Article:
Bandow has admitted that he took thousands of dollars from indicted lobbyist Jack Abramoff to write columns favorable to his clients. He resigned from the Cato Institute yesterday and apologized for his “lapse of judgment.” ~Editor and Publisher

I haven’t too much to add, except that it is a pity that Mr. Bandow apparently thought a few thousands of dollars were worth more than his integrity. Whatever the merits of so-called drug reimportation from Canada, this sort of shoddy deal will give proponents of free trade a cheap and easy victory when they have already had far too many. It is doubly unfortunate that Mr. Bandow’s connection to Abramoff also led him to endorse one of the better modern swindles, the Indian gaming casino.

Hat tips to Stephan Kinsella at LRC Blog and Andrew Sullivan.

Bandow isn’t the only think-tanker to have received payments from Abramoff for writing articles. Peter Ferrara, a senior policy adviser at the conservative Institute for Policy Innovation, says he, too, took money from Abramoff to write op-ed pieces boosting the lobbyist’s clients. “I do that all the time,” Ferrara says. “I’ve done that in the past, and I’ll do it in the future.”

Ferrara, who has been an influential conservative voice on Social Security reform, among other issues, says he doesn’t see a conflict of interest in taking undisclosed money to write op-ed pieces because his columns never violated his ideological principles.

“It’s a matter of general support,” Ferrara says. “These are my views, and if you want to support them, then that’s good.” But he adds that at some point over the years, Abramoff stopped working with him: “Jack lost interest in me and felt he had other writers who were writing in more prominent publications,” Ferrara says. ~BusinessWeek Online

My previous remarks about Mr. Peter Ferrara were based on apparently incomplete and misleading reporting in Businessweek Online’s article and subsequent reports quoting that article. According to the statements released by Mr. Ferrara and Mr. Giovanetti of the Institute for Policy Innovation (IPI), and distinct from the admissions made by Mr. Bandow, Mr. Ferrara apparently did not take money for writing op-eds favourable to Mr. Abramoff’s clients in the strictly quid pro quo way that Mr. Bandow has acknowledged doing.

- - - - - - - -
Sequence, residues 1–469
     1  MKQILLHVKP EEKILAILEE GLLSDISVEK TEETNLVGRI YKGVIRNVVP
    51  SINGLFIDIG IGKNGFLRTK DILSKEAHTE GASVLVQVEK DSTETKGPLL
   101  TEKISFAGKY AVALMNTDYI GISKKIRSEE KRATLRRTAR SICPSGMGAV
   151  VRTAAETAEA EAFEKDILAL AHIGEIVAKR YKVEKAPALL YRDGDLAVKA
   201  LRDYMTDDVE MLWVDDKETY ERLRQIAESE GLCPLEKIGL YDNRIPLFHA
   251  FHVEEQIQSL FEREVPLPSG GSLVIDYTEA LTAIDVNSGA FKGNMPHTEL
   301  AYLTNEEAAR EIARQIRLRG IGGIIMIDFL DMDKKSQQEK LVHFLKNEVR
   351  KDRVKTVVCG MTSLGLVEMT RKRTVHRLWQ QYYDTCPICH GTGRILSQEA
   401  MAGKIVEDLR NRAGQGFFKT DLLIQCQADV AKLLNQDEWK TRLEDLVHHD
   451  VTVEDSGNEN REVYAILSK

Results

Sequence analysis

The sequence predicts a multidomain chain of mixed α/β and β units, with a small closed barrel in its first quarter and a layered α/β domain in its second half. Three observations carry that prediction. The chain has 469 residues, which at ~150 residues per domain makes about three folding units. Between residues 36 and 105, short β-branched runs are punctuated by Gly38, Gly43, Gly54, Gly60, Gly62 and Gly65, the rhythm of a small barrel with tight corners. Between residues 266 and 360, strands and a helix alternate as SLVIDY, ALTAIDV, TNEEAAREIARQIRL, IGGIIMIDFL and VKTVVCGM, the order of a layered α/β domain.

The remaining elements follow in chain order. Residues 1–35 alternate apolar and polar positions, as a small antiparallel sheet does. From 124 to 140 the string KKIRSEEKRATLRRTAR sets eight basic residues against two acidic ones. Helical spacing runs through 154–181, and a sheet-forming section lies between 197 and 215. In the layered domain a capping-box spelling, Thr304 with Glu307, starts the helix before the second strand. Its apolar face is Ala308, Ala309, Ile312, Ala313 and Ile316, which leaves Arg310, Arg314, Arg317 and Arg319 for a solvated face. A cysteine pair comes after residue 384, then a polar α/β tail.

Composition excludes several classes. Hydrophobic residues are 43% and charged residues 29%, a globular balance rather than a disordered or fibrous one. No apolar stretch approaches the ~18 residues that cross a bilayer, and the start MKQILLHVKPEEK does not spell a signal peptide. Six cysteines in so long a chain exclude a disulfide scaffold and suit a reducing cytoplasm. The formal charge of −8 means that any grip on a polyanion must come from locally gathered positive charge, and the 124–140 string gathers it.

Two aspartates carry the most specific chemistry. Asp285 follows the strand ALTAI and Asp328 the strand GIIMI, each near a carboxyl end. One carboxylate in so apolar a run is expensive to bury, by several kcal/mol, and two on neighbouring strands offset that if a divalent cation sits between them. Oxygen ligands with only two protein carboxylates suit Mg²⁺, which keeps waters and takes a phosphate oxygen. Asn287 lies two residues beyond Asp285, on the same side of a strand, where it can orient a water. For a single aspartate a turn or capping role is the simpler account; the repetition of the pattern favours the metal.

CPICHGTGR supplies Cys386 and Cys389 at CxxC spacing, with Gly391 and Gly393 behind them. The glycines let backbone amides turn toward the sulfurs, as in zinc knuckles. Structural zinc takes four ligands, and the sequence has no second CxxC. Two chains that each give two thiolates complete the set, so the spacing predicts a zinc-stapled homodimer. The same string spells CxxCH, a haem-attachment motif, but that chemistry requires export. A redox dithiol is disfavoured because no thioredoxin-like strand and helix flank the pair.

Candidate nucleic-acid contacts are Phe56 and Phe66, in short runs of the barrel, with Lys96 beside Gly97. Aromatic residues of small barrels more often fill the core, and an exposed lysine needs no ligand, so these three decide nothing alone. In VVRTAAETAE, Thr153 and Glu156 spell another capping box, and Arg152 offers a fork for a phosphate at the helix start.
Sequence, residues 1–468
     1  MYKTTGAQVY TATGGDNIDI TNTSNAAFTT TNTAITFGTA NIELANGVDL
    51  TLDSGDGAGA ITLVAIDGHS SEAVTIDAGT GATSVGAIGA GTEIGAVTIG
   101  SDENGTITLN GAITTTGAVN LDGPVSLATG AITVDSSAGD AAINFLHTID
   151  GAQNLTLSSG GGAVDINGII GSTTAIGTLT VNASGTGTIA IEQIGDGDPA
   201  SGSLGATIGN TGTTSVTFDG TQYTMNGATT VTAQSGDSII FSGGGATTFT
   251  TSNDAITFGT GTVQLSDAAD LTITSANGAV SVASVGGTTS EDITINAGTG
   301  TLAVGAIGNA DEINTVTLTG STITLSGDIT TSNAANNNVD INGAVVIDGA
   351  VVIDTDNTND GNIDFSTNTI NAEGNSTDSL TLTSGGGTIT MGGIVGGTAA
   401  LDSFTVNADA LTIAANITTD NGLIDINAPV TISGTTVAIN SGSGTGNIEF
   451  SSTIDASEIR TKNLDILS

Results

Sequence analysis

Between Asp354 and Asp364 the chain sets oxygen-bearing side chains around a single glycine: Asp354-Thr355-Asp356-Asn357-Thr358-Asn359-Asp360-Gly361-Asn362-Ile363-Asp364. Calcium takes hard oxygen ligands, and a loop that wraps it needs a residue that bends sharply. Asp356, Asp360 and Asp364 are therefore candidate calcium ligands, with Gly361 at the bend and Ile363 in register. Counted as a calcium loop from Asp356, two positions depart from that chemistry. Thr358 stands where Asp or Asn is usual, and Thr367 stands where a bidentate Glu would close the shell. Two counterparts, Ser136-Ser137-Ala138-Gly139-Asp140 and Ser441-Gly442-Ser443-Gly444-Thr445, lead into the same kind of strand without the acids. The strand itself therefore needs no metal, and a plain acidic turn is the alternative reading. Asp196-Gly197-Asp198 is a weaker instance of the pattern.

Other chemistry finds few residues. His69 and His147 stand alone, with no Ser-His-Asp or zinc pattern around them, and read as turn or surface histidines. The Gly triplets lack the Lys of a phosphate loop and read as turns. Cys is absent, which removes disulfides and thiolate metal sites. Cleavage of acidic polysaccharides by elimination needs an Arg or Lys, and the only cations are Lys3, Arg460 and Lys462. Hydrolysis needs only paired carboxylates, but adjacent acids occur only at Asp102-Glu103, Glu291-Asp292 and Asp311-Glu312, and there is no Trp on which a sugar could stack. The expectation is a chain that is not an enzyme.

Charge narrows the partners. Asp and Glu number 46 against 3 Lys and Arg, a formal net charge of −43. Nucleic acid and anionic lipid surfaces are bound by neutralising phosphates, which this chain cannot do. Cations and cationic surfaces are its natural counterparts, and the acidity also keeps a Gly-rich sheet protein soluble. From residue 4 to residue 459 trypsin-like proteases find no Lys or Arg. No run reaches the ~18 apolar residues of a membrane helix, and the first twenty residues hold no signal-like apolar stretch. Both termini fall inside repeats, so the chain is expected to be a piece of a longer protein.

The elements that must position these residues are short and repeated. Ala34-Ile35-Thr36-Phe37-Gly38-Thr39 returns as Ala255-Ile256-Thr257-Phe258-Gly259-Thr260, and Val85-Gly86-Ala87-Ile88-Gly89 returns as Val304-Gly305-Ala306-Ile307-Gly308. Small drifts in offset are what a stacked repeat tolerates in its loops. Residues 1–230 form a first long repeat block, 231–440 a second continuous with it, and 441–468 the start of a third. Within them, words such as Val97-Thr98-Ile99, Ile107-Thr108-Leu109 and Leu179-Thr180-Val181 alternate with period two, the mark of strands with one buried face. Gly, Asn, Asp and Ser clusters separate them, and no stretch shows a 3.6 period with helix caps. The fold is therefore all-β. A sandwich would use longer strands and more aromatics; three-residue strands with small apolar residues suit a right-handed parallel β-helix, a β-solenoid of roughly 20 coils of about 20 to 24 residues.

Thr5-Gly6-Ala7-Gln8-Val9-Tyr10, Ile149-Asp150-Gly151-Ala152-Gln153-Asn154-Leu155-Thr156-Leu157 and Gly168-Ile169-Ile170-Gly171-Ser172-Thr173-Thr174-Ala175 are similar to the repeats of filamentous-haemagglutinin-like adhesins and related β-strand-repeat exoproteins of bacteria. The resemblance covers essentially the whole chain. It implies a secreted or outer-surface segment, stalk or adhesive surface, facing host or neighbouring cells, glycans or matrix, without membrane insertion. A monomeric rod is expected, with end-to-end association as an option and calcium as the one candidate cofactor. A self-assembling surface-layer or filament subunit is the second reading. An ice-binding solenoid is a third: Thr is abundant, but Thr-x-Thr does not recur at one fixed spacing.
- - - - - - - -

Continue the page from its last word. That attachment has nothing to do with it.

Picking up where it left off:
However, Mr. Ferrara’s financial involvement with Mr. Abramoff in the form of occasional “contributions” given after the fact is hardly thoroughly reassuring, and the fact that Mr. Ferrara did not alter his views in the process hardly makes his practise a ringing endorsement for ethical op-ed writing. The fact remains that he received undisclosed payments as a result of writing things with which Mr. Ambramoff agreed, and it does not require a “naive purity standard” to see the potentially corrupting influences in the practise. The lack of disclosure is itself an ethical breach, and a cynic might see such “contributions,” when coming from someone like Mr. Abramoff, as encouraging bribes in another form. It is worth noting that The Manchester Union-Leader and The Washington Times viewed these “contributions” as being questionable enough that they have suspended Mr. Ferrara’s columns.

In fairness to IPI, whatever involvement Mr. Ferrara has had with Mr. Abramoff, none of Mr. Ferrara work for them had anything to do with Mr. Abramoff or, it seems, with anyone else and IPI categorically opposes “pay for play” op-eds. It should be said that Mr. Giovanetti did himself no favours with the phrase “naive purity standard,” which could have easily appeared to mark indifference to unethical conduct thanks to the misleading way BusinessWeek cast those quotes.